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[libcvd-members] PyCPP: interchanging TooN, CVD, and STL objects between

From: Damian Eads
Subject: [libcvd-members] PyCPP: interchanging TooN, CVD, and STL objects between Python and C++
Date: Mon, 13 Jul 2009 04:04:42 -0600

Hi Ed (and other people who might be interested),

Late last week, I started working on a new template library for
interchanging TooN, LIBCVD, and STL objects between C++ and Python. It
makes ample use of template-based pattern matching. You can see a
draft of the library here on my private SVN server,

There may be some template style issues with which you may take issue,
however, I think it is a great start, much better than our earlier
interfaces. The most basic class is the Converter<X,Y> class. It
contains functions for converting from an X object to a Y object. An
individual instance recursively instantiates another Converter class
in order to completely convert all branches and leaves of the
structure of an instance of X into an instance of Y, and vice versa.

The template function convert<X, Y> function simply calls Converter<X,
Y>::convert(x, y), and if you're lucky, you don't even need the
template arguments, the C++ pattern matching facility will figure that
out for you. When converting from a C++ object to a Python object, the
structure of the conversion is enforced at compile time, so rarely
will a run-time error occur.

    PyDictObject *myPy;
    map<string, vector<float> > m;
    vector<float> v;
    m['test'] = v;
    convert(m, myPy);
    return myPy; /*** return the last object */

In the example above, a converter function is built recursively at
compile time (nice!). The structure of the C++ to Python object is
also enforced at compile time (nice!). The STL map of vectors gets
converted to a Python dictionary object mapping Python strings to
Python lists of floats.

When converting from Python to C++, there is little structure in the
Python object that can be enforced at compile time. With templates, we
can enforce the *expected* structure of the C++ object but most of the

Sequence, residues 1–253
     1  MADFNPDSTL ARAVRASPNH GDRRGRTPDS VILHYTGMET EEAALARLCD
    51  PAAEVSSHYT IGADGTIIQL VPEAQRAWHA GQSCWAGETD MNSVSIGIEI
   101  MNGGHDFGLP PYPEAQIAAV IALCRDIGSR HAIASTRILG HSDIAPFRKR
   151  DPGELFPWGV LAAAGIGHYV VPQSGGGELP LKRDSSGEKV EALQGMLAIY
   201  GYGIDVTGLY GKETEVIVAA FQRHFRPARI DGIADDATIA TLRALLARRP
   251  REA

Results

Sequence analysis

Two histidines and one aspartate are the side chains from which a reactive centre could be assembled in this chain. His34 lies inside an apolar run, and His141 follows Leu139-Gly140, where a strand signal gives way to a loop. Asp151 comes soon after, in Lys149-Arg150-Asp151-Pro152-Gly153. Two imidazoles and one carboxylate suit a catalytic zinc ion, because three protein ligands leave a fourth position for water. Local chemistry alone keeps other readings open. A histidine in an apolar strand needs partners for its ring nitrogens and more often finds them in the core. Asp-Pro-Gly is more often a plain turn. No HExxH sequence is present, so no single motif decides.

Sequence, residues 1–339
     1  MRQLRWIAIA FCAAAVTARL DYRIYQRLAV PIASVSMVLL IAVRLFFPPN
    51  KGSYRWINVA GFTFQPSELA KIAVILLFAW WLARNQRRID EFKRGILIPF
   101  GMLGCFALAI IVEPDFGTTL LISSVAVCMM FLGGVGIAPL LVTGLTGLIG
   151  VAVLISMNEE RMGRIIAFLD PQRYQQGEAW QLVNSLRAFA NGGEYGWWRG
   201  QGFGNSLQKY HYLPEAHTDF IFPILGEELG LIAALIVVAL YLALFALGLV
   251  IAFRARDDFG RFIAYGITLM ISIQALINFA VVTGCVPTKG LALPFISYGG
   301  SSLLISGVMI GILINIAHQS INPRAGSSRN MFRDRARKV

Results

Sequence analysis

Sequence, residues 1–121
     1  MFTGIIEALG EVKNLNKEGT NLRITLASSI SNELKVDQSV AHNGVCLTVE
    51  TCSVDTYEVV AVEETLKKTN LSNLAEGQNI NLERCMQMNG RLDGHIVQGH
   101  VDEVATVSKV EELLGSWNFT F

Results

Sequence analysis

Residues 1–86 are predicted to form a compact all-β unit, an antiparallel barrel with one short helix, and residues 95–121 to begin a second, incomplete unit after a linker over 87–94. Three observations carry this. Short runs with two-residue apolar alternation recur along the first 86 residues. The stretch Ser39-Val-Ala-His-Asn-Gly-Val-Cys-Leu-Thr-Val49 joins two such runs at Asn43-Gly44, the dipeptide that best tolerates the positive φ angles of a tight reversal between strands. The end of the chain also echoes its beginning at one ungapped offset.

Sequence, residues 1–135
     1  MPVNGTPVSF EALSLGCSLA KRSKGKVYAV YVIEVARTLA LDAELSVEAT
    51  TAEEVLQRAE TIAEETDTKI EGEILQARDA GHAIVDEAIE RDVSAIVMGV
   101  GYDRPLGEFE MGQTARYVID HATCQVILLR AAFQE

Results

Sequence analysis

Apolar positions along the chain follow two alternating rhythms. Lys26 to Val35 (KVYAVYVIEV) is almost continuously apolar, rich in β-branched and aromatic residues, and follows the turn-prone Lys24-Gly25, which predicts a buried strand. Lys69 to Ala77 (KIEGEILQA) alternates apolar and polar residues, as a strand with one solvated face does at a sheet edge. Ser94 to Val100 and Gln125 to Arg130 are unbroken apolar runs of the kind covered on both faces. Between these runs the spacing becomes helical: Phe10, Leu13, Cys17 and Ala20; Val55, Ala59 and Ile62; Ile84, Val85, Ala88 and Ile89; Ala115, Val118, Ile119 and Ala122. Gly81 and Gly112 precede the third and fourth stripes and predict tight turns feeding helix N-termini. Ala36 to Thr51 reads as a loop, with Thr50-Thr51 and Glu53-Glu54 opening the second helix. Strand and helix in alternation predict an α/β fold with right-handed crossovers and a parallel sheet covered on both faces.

checks of a valid match have to be done at run time (no free lunch
again, such is life) unlike conversion in the opposite direction.
Consider the following example of converting from a Python object to a
C++ object.

          // pyDict is a PyDictObject*
          map<string, vector<float> > m;
          convert(pyDict, m);

We can guarantee the outer-most Python object is a Python dictionary
but any substructure inside isn't known until it is examined at run
time. Fatal mismatches are handled by throwing a run-time C++
exception. However, the conversion functions can properly resolve some
kinds of mismatch. For example, if there is a Python string where a
float is expected in a Python list, the Converter will attempt to
convert the string to a float.

In many cases, convert(x, y) is more preferable than y=convert(x) when
converting from Python to C++. Why? The y=convert(x) form is
return-by-value and there is a run-time overhead of an extra copy of
the return value of x in addition to the conversion. To avoid this
extra copy, a better approach is to create an empty skeleton y and
pass it by reference using the convert(x, y) form. All Converter
classes keep to the 2-arity form so that any arbitrary structure can
be recursively matched. But, we will see in a moment why it is not a
universal solution.

In some cases y=convert(x) is the only appropriate form and has
significantly different semantics from convert(x, y). Consider the
following example, which tries to copy a NumPy array's buffer pointer
into a TooN::Vector<*, *, Reference>'s buffer but doesn't.

    /** Let's think we're being clever and use 0 as a sentinel. **/
    TooN::Vector<TooN::Dynamic> x((double*)0, len(myPyArray));
    convert(myPyArray, x);

The TooN buffer is immutable (i.e. Precision const *) so passing an